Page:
The macrocyclic oligomer used in this invention is a polymerizable cyclic material having two or more ester linkages in a ring structure. The ring structure containing the ester linkages includes at least 8 atoms that are bonded together to form the ring. The oligomer includes two or more structural repeat units that are connected through the ester linkages. The structural repeat units may be the same or different. The number of repeat units in the oligomer suitably ranges from about 2 to about 8. Commonly, the cyclic oligomer will include a mixture of materials having varying numbers of repeat units. A preferred class of cyclic oligomers is represented by the structure
—[O-A-O—C(O)—B—C(O)]y— (I)
where A is a divalent alkyl, divalent cycloalkyl or divalent mono- or polyoxyalkylene group having two or more carbon atoms, B is a divalent aromatic or divalent alicyclic group, and y is a number from 2 to 8. The bonds indicated at the ends of structure I connect to form a ring. The macrocyclic oligomer desirably is a solid at room temperature (˜22° C.) and more preferably has a melting temperature in excess of 100° C. Examples of suitable macrocyclic oligomers corresponding to structure I include oligomers of 1,4-butylene terephthalate, 1,3-propylene terephthalate, 1,4-cyclohexenedimethylene terephthalate, ethylene terephthalate, and 1,2-ethylene-2,6-naphthalenedicarboxylate, and copolyester oligomers formed from two or more of these. The macrocyclic oligomer is preferably one having a melting temperature of below about 200° C. and preferably in the range of about 150-190° C. A particularly preferred cyclic oligomer is an oligomer of 1,4-butylene terephthalate.

Suitable methods of preparing the cyclic oligomer are described in U.S. Pat. Nos. 5,039,783, 6,369,157 and 6,525,164, WO 02/18476 and WO 03/031059, all incorporated herein by reference. In general, cyclic oligomers are suitably prepared in the reaction of a diol with a diacid, diacid chloride or diester, or by depolymerization of a linear polyester. The method of preparing the cyclic oligomer is generally not critical to this invention.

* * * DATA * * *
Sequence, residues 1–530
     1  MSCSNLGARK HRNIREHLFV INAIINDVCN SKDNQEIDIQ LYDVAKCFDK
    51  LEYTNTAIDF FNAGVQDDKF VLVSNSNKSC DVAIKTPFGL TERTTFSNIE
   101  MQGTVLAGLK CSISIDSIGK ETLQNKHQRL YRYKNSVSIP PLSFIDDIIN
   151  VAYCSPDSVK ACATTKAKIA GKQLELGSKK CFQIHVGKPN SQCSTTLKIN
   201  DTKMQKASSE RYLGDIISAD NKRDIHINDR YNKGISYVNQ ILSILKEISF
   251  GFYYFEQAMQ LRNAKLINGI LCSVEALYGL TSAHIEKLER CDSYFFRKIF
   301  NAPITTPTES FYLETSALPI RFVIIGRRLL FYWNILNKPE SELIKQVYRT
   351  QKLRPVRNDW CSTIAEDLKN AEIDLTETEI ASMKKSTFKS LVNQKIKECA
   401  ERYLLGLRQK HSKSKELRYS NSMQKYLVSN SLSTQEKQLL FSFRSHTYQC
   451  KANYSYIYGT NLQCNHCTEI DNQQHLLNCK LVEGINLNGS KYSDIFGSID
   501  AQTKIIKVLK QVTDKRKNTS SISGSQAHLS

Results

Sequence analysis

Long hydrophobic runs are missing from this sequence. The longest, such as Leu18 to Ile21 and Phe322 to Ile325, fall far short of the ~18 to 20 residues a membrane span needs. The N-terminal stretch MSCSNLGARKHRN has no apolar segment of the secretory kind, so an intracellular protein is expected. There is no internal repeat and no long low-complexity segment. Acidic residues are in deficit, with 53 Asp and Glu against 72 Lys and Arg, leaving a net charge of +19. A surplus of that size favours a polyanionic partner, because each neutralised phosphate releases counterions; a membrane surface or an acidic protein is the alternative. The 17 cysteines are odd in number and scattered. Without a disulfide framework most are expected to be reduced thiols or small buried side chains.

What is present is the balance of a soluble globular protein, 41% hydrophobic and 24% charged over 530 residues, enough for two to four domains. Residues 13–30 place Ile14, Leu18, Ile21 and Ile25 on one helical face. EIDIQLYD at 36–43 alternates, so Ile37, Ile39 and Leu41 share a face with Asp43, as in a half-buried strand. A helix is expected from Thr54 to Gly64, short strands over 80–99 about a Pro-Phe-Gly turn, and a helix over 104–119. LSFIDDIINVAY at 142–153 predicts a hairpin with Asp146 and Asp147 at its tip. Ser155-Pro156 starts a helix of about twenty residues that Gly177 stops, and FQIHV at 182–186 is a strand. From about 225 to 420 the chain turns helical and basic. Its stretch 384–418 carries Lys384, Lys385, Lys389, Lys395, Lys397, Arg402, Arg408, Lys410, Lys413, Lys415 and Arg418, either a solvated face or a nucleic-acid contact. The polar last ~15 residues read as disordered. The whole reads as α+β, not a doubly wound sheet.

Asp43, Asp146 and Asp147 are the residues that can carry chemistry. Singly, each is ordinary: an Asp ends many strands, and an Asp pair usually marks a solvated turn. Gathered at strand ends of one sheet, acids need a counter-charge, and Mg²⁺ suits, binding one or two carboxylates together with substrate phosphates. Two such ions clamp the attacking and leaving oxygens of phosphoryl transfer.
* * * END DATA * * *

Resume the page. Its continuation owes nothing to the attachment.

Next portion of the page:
Graphites can be characterized as layered planes of carbon atoms. Within the planes, the carbon atoms form connected hexagonal structures. Adjacent planes are bonded through weak van der Wals forces. The graphitic structure is often characterized as having the planes aligned along a pair of orthogonal a axes, and a c axis that is perpendicular to the planes. The expanded graphite used in the invention is expanded along the so-called c axis, i.e., perpendicular to the planes. This results in an increase in the surface area of the expanded graphite. The expansion process also introduces a significant amount of oxygen into the graphite layers.

The expanded graphite suitably has a BET (Brunauer, Emmett and Teller) surface area of at least 10 m2/g. Preferably, the BET surface area is at least 30 m2/g. More preferably the BET surface area is at least 120 m2/g. An even more preferred expanded graphite has a BET surface area of at least 250 m2/g. A still more preferred expanded graphite has a BET surface area of at least 400 m2/g. An especially preferred expanded graphite has a BET surface area of at least 650 m2/g. The upper limit on the BET surface area may be in principle up to about 2700 m2/g, which is the approximate theoretical surface area of fully expanded graphite. However, expanded graphite having a surface area up to about 1500 m2/g or even up to about 1000 m2/g is suitable. For purposes of this invention, the BET surface area measurement can be made using 30% nitrogen in helium, at a P/P0 ratio of 0.3. A variety of commercially available devices are useful for measuring BET surface area including a Micromeritics TRISTAR 3000 device and a Quantachrome Monosorb tester. Samples are suitably outgassed prior to making the measurements, with suitable conditions being 200° C. at atmospheric pressure. An average of multiple data points can be used to determine the BET value.

The expansion of the graphite tends to increase the volume of the material per unit weight. The expanded graphite is one that has been expanded to a volume of at least 100 cc/g. Volumes of at least 200 cc/g are preferred and volumes of at least 300 cc/g are even more preferred. It is recognized, however, that post-expansion treatments such as milling or grinding may have a very significant effect on the volume of the expanded graphite material.